BLURRED SMOOTH LANTERNSHARK OR BLURRED LANTERNSHARK
A shark that is smooth and emits light
The Blurred Smooth lanternshark or Blurred lanternshark (Etmopterus bigelowi) is a little-known species of shark belonging to the family Etmopteridae. They are found around the world in benthic and pelagic habitats. The Blurred Smooth lanternshark or Blurred lanternshark is unique in its family. Like the Smooth lanternshark, it has irregularly arranged, flat-topped dermal denticles that give them a smooth appearance. They also have light-emitting photophores.
Family: Etmopteridae – Lantern Sharks
Common Name– Dogfish Sharks
Common Name– Lantern Sharks
Average Size and Length: They are born less that 16 cm. Mature males are around 1.3 feet. Mature females are around 1.6 feet. The longest recorded is 2.2 feet.
Teeth and Jaw: The mouth has long furrows at the corners that extend halfway to the first of five gill slits. There are multicuspid pointed upper teeth and knife-like lower teeth. There are 19–24 tooth rows in the upper jaw, each with a narrow central cusp flanked by 2–4 pairs of smaller cusplets, increasing in number with age in males over 18 inches long. There are 25–39 tooth rows in the lower jaw, each tooth with a smooth-edged, knife-like cusp and their bases interlocked to form a single cutting surface. The teeth of males over 17 inches long and females over 14 inches long become more erect with age.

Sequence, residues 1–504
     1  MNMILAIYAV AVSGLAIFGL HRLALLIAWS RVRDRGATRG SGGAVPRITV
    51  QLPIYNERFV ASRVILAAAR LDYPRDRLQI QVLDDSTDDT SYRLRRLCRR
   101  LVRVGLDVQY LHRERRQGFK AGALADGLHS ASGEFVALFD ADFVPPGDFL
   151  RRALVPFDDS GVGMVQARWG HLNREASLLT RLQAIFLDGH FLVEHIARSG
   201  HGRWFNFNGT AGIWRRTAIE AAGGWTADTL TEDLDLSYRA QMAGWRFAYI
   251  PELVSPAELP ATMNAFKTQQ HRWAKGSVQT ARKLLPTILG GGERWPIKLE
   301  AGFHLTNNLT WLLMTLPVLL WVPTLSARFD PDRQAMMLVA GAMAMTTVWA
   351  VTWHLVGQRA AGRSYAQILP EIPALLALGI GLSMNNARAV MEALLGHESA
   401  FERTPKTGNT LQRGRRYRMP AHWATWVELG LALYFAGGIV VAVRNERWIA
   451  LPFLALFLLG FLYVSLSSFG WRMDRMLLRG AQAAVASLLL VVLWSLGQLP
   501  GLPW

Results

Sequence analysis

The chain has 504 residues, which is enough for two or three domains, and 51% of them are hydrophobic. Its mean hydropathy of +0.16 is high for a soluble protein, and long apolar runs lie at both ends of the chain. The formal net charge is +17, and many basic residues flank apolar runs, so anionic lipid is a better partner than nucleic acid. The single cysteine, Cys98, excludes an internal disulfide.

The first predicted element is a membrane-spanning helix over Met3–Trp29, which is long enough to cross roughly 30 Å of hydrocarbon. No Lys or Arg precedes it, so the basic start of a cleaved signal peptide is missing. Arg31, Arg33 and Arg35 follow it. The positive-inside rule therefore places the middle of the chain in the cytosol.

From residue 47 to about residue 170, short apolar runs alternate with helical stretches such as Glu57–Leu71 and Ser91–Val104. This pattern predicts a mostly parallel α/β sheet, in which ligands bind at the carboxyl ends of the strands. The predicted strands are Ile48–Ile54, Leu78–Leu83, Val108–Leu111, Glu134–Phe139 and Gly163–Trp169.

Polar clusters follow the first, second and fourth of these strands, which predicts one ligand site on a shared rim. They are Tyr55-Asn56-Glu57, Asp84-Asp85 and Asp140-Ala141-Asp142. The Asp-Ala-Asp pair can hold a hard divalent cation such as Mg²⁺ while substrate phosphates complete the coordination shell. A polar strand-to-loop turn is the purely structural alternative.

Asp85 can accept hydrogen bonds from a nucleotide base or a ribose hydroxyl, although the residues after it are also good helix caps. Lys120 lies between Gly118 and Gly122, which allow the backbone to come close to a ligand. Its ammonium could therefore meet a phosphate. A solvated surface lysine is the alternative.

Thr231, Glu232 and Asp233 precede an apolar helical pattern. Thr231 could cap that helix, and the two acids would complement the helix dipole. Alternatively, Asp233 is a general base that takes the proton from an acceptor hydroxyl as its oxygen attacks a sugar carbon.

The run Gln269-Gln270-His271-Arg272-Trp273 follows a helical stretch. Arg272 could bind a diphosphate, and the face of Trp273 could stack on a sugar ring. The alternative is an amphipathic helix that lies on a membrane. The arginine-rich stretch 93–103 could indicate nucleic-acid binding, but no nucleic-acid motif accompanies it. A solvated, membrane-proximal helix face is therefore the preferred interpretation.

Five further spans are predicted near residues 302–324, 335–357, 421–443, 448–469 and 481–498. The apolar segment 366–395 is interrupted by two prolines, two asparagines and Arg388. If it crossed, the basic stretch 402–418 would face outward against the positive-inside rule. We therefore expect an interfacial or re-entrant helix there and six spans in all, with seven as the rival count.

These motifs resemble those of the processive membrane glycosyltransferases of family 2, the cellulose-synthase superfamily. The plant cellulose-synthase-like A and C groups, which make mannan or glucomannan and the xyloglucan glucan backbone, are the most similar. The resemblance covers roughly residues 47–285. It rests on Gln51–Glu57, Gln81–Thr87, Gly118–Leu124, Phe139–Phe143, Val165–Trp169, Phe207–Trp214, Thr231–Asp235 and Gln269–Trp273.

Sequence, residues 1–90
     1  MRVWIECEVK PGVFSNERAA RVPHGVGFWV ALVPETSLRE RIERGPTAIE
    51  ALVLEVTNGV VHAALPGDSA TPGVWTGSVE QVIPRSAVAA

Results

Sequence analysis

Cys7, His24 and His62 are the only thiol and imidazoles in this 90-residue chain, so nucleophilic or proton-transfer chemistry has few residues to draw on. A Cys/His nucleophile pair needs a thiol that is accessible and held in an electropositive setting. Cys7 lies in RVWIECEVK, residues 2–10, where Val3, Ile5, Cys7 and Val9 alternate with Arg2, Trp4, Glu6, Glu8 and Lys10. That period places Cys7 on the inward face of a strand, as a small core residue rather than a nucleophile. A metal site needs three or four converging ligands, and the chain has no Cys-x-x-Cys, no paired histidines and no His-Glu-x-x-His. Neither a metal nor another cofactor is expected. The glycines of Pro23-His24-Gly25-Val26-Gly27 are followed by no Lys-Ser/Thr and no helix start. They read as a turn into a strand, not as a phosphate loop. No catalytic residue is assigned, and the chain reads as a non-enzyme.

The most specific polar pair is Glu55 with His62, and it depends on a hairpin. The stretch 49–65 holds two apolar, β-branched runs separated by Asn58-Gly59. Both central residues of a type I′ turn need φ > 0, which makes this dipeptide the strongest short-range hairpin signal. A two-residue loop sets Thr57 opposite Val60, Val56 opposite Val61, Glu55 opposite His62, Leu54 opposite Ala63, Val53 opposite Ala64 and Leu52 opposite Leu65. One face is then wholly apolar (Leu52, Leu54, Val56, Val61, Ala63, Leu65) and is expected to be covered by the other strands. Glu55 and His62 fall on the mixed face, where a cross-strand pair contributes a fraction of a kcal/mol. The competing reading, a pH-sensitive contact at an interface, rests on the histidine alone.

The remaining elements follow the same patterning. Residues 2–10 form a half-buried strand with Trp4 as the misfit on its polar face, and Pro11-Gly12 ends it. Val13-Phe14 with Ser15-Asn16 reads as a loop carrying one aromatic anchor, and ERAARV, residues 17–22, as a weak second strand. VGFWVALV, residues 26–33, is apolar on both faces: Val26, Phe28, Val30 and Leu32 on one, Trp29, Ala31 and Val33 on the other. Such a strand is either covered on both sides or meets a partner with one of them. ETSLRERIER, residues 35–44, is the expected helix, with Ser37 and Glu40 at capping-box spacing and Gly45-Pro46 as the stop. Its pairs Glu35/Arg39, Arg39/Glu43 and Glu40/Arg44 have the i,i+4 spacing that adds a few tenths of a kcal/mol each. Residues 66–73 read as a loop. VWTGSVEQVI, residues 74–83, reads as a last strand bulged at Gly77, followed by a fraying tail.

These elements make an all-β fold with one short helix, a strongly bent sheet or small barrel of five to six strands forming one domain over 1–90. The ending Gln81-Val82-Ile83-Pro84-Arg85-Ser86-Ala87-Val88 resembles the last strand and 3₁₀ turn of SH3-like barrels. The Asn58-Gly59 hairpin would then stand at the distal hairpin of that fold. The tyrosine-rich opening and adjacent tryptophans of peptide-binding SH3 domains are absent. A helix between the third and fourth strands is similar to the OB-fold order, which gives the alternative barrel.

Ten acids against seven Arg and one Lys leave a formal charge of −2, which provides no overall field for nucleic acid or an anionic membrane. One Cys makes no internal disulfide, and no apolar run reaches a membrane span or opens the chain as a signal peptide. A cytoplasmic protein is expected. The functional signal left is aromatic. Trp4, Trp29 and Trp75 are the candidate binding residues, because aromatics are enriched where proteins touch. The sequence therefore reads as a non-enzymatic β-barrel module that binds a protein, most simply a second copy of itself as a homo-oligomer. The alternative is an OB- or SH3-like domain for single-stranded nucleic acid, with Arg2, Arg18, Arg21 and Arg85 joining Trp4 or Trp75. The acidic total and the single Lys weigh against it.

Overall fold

Head: The head is broad. The snout is thick and flat and almost wedge-shaped tapering to a point. It has a small white blotch on the top of the head. The nostrils are large, with short flaps of skin in front. The eyes are large, oval in shape with a deep anterior notch in the orbit.
Denticles: The Blurred Smooth lanternshark is one of the only sharks in its family with flat, block-like dermal denticles that make the skin feel smooth to the touch. The small, blocky dermal denticles are densely but irregularly arranged, each with a flat, truncate crown.
Demographic, Distribution, Habitat, Environment and Range: In the Atlantic Ocean, it is known from the Gulf of Mexico to Argentina, and off western and southern Africa. In the Indo-Pacific, it has been reported from off Okinawa and Australia, as well as on the Emperor and Hancock Seamounts in the central North Pacific and over the Nazca Plate off Peru. The Blurred lanternshark haS been caught around the world over continental and insular shelves and slopes, submarine ridges, and seamounts from 135-3,281 feet or more. They are partly epipelagic. They can occur near the surface in the open ocean from 361-2,297 feet.
Diet: The diet of the Blurred Smooth lanternshark consists of squid, smaller dogfish sharks, lanternfishes, and fish eggs.
Aesthetic Identification: The Blurred Smooth lanternshark or Blurred lanternshark is a fairly large and slender shark in comparison to other sharks belonging to its family. It is dark brown to blackish on top and even darker below. The fins have light edges. There are photophores present, but they aren’t in conspicuous dark bands. The first dorsal fin is close to the pectoral than the pelvic fins, and has a straight, grooved spine in front. The second dorsal fin is half again as tall as the first and has a longer, curved spine. The pectoral fins are rounded at the tips, with the distance between them and the medium-sized, angular pelvic fins about equal to the distance between the dorsal fins. There is no anal fin.
Biology and Reproduction: Poorly known, but presumably ovoviviparous. The Blurred Smooth lanternshark is very similar to the Smooth lanternshark, but is larger and can be reliably differentiated by the number of turns in the spiral valve intestine (16–19 versus 10–13).
Behavioral Traits, Sensing and Intelligence: Unknown.
Blurred Smooth Lanternshark Recorded Attacks on Humans: Not a threat to humans.